I am unhappy with the service I have received from the court,

what can I do?

 

Introduction

This page explains what to do if you feel unhappy with the service you have received from the court staff or with any procedural aspect of your case.

However, you cannot use the process set out if you want to complain because you think:

  • The decision in your case was unfair

  • The judge's / justice's personal behaviour was unacceptable.

If you do not agree with the decision a judge / justice has made, the only option you may have is to appeal against that decision. Court staff can give you more information and any forms you may need, but they cannot advise you on whether you should appeal or have the right to appeal. You are strongly urged to get advice from a legal practitioner before appealing.

If you want to complain about the way the judge / justice behaved towards you (not the way they handled the case or that the decision went against you), you can write to the Chief Justice, who is the head of the Judiciary for the Falkland Islands. You may write to him care of the court at the Town Hall, Stanley.

Your letter should include:

  • Your name and address

  • Your case/application number

  • The date of your hearing/appointment and the name of the Judge or Justice(s) involved

  • Your reason for making the complaint

If you are dissatisfied with another organisation, for example the prosecution or your legal practitioner, you cannot use this procedure. You should write to their organisation directly.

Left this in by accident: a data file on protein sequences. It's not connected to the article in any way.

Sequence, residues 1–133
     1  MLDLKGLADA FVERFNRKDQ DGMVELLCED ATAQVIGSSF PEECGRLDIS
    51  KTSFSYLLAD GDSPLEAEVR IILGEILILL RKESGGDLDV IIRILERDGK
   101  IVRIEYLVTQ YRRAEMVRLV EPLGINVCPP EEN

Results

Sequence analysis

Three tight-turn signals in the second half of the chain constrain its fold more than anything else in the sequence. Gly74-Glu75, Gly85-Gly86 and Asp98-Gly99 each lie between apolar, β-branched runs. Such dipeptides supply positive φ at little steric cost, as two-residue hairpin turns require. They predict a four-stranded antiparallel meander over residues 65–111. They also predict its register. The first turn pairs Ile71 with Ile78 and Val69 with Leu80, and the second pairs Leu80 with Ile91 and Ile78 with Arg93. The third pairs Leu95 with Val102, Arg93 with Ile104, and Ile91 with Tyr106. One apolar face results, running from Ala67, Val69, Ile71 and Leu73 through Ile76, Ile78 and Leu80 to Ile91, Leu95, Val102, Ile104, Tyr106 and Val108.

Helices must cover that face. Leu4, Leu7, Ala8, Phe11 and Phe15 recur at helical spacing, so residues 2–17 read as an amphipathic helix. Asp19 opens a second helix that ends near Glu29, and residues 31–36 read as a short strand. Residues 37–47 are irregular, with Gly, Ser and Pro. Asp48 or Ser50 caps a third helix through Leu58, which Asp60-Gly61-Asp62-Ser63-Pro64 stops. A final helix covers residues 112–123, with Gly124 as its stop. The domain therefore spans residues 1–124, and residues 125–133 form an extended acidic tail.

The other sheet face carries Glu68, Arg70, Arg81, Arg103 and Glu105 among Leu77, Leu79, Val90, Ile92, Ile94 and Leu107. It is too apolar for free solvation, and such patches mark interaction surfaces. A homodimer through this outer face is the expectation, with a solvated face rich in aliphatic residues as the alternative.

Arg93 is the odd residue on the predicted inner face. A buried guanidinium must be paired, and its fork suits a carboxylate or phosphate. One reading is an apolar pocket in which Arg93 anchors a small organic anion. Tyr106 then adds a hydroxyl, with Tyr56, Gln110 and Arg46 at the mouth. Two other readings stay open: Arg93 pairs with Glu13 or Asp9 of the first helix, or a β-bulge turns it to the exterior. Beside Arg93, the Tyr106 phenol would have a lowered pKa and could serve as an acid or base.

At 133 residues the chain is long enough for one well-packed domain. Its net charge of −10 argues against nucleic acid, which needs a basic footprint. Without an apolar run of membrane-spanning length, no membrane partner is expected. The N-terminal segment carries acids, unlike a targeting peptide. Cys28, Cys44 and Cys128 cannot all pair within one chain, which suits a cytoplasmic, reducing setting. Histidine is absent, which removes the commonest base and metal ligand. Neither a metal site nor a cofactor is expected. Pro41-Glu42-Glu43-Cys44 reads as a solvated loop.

How do I make a complaint?

In the first instance, you should speak to a member of court staff who will try and sort out your problem there and then.

If you prefer to complain in writing you can write to the Head of Courts and Tribunals Service at:

Courts and Tribunals Service

Town Hall

Ross Road

Stanley

Falkland Islands

FIQQ 1ZZ

You will receive an acknowledgement of your complaint within 5 working days. The Head of Courts and Tribunals Service will then investigate your complaint.

Within 10 working days you should receive a reply. The reply will:

  • Set out your complaint so that you can be sure we have understood it;

  • Describe the events and circumstances surrounding it;

  • Say whether or not the court staff have made a mistake; and

  • Give a reason for this decision.

If the investigation cannot take place within 10 working days you will receive a letter giving you a proposed timescale for dealing with the matter.

 

What if I am not satisfied with the reply?

Most problems can be resolved by the Head of Courts and Tribunals Service, but if you remain unhappy you can write to the Director of Central Services, who oversees the administration of the court. You can obtain their address from the court.

In your letter you should explain that you have complained to the Head of Courts and Tribunals Service and say why you are not satisfied with their reply. The Director of Central Services will review the matter to determine if the correct steps were taken and ensure that the evidence supports the outcome of the initial investigation. You should receive a response to your letter within 10 working days.

 

What if my complaint is about a Head of Department or Director?

All complaints about a Head of Department or Director should be made in writing to the Chief Executive, whose address can be provided by the court. You will receive an acknowledgment of your letter within 5 working days. Within 10 working days you should receive a reply, either outlining the conclusions of the investigation or alternatively indicating a timescale in which they will provide a reply

 

Is there anyone else I can ask to investigate my complaint?

We treat all complaints fairly, but if you are not satisfied with the way we handled your complaint you may be able to ask the Complaints Commissioner to investigate it.

In order to complain to the Complaints Commissioner you must put your complaint in writing and deliver it to a Member of the Legislative Assembly.